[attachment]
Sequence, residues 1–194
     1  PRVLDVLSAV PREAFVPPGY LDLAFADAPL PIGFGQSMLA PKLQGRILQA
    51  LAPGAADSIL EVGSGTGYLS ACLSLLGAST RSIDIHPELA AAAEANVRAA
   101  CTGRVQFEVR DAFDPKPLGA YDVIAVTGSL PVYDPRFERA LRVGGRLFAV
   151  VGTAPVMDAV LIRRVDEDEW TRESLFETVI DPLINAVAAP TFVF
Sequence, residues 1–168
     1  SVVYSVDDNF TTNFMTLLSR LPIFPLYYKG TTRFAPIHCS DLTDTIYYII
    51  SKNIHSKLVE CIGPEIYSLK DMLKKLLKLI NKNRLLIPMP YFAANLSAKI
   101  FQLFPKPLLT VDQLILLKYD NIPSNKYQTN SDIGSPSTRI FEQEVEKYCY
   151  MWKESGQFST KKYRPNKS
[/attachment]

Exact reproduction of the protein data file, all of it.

Sequence, residues 1–194
     1  PRVLDVLSAV PREAFVPPGY LDLAFADAPL PIGFGQSMLA PKLQGRILQA
    51  LAPGAADSIL EVGSGTGYLS ACLSLLGAST RSIDIHPELA AAAEANVRAA
   101  CTGRVQFEVR DAFDPKPLGA YDVIAVTGSL PVYDPRFERA LRVGGRLFAV
   151  VGTAPVMDAV LIRRVDEDEW TRESLFETVI DPLINAVAAP TFVF
Sequence, residues 1–168
     1  SVVYSVDDNF TTNFMTLLSR LPIFPLYYKG TTRFAPIHCS DLTDTIYYII
    51  SKNIHSKLVE CIGPEIYSLK DMLKKLLKLI NKNRLLIPMP YFAANLSAKI
   101  FQLFPKPLLT VDQLILLKYD NIPSNKYQTN SDIGSPSTRI FEQEVEKYCY
   151  MWKESGQFST KKYRPNKS